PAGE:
MADISON, Wisconsin (Reuters) - Wisconsin state Senate Republicans voted on Wednesday to impose fines of $100 a day on Democrats who have fled the state to block Republican Governor Scott Walker’s plan to curb the power of public sector unions.
Republicans hope the fines will help pressure the 14 runaway Democrats into ending a standoff over Walker’s proposal, which has sparked the biggest Wisconsin protests since the Vietnam War and a national debate about union power.
All 14 Senate Democrats left the state on February 17 to prevent a Senate quorum and block a vote on Walker’s move to curtail collective bargaining rights for public employee unions. The state Assembly has already approved the plan.
The resolution adopted on Wednesday also allows Senate authorities to ask Wisconsin police to aid in finding and returning the Democrats to the state capitol in Madison.
The move came the day after Walker unveiled a two-year budget that made deep cuts in state aid to schools and local governments and slashed more than 21,000 state jobs. He also capped property taxes so school districts could not make up the shortfalls in tax increases.
Walker told a news conference on Wednesday he would be willing to compromise with Democrats on his budget, and pointed to education reforms and the spinoff of the University of Wisconsin in Madison as two possible areas of compromise.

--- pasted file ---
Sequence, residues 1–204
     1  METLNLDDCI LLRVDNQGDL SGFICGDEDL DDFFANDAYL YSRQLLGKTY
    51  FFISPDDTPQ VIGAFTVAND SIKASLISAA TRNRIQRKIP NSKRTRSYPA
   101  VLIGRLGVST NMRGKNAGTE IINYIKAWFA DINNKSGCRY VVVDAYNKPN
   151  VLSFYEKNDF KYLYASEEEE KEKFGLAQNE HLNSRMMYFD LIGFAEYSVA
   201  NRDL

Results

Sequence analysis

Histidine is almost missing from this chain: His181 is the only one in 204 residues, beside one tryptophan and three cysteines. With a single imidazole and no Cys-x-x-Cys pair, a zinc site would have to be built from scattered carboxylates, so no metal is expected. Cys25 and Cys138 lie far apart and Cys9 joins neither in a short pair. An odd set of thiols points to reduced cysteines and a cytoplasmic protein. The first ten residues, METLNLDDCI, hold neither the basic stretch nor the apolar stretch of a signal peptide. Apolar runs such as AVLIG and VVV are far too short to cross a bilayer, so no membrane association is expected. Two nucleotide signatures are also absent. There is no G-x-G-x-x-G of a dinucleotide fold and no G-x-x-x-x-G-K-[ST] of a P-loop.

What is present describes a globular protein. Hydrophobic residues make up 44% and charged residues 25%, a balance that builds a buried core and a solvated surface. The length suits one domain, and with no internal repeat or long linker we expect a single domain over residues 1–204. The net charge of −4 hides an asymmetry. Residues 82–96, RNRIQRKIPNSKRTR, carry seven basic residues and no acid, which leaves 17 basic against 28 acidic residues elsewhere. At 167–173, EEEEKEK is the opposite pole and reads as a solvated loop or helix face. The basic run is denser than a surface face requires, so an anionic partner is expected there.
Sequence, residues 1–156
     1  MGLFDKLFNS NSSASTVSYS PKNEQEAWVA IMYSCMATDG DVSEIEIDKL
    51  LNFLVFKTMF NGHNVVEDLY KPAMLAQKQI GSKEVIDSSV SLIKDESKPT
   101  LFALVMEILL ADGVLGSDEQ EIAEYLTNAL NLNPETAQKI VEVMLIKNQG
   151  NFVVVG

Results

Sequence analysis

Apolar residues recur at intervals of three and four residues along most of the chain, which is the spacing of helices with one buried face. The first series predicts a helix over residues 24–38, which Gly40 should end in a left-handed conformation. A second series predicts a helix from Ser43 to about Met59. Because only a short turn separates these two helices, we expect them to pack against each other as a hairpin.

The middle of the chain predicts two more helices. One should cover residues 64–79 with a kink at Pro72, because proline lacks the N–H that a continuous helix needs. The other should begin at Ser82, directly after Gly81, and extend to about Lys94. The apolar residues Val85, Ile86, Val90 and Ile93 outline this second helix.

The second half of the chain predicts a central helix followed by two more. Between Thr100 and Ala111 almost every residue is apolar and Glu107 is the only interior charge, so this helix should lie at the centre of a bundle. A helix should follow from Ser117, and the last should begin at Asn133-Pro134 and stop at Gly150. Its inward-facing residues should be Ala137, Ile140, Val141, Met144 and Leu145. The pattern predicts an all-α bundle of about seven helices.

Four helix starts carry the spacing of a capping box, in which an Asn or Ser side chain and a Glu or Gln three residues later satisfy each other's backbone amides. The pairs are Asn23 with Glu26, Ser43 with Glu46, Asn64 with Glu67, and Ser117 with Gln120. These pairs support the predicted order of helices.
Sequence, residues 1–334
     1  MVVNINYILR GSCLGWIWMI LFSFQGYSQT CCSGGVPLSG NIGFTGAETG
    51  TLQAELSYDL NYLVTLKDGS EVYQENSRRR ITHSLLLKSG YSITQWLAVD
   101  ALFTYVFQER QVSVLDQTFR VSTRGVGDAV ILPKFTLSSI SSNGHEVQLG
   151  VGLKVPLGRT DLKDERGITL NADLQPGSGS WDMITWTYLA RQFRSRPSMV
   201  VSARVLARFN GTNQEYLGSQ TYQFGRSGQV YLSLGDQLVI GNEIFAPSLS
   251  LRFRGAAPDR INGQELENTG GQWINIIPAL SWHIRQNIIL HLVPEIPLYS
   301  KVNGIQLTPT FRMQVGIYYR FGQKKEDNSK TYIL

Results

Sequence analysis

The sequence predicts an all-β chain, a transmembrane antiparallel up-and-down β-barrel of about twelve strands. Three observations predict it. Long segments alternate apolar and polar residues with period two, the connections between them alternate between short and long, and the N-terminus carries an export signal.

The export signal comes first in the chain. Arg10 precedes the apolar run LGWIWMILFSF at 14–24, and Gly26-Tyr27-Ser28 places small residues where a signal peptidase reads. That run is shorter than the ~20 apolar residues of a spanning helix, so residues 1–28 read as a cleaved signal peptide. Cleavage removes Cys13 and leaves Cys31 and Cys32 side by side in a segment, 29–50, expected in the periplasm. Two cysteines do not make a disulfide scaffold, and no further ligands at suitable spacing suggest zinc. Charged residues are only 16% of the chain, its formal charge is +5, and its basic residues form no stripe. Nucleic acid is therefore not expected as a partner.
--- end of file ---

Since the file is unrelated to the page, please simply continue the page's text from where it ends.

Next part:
But he made no mention of compromise on his proposal to limit the powers of public sector unions, which he says is necessary to close the state budget deficit.
A protest against the plan on Saturday drew more than 70,000 people to the Capitol grounds in the biggest Madison demonstration since the Vietnam War. Authorities have limited building access since Monday, citing safety and security concerns, a decision now under a court challenge.
The dispute has grown beyond Wisconsin as Republican-led legislatures in Ohio and Indiana also debate curbs on the power of public sector unions, which have been reliable Democratic supporters and financial donors for decades.
In the latest swipe, an Ohio state Senate panel voted on Wednesday to strip public sector unions of some collective bargaining rights and end their right to strike.
The Senate Labor Committee voted 7-5 for the measure, with one Republican and four Democrats voting against. The bill now moves to the Republican-controlled state Senate.
If endorsed by the state legislature and signed by Republican Governor John Kasich, Ohio would become the biggest U.S. state so far to enact sweeping restrictions on public sector unions.
Additional reporting by Jeff Mayers in Madison; editing by John Whitesides